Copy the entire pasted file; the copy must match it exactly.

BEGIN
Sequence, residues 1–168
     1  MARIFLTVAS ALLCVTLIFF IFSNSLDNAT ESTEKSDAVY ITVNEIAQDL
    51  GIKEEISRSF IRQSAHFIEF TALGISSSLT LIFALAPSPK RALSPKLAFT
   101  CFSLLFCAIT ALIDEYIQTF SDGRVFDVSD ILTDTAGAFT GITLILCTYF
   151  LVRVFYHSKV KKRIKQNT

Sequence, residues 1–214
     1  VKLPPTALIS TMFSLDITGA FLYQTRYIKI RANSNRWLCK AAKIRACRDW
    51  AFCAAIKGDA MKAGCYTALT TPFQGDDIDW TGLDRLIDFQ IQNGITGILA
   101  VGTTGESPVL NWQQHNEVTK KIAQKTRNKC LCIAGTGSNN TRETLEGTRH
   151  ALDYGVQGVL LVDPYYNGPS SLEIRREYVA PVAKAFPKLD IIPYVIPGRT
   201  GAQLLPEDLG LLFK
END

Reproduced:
Sequence, residues 1–168
     1  MARIFLTVAS ALLCVTLIFF IFSNSLDNAT ESTEKSDAVY ITVNEIAQDL
    51  GIKEEISRSF IRQSAHFIEF TALGISSSLT LIFALAPSPK RALSPKLAFT
   101  CFSLLFCAIT ALIDEYIQTF SDGRVFDVSD ILTDTAGAFT GITLILCTYF
   151  LVRVFYHSKV KKRIKQNT

Sequence, residues 1–214
     1  VKLPPTALIS TMFSLDITGA FLYQTRYIKI RANSNRWLCK AAKIRACRDW
    51  AFCAAIKGDA MKAGCYTALT TPFQGDDIDW TGLDRLIDFQ IQNGITGILA
   101  VGTTGESPVL NWQQHNEVTK KIAQKTRNKC LCIAGTGSNN TRETLEGTRH
   151  ALDYGVQGVL LVDPYYNGPS SLEIRREYVA PVAKAFPKLD IIPYVIPGRT
   201  GAQLLPEDLG LLFK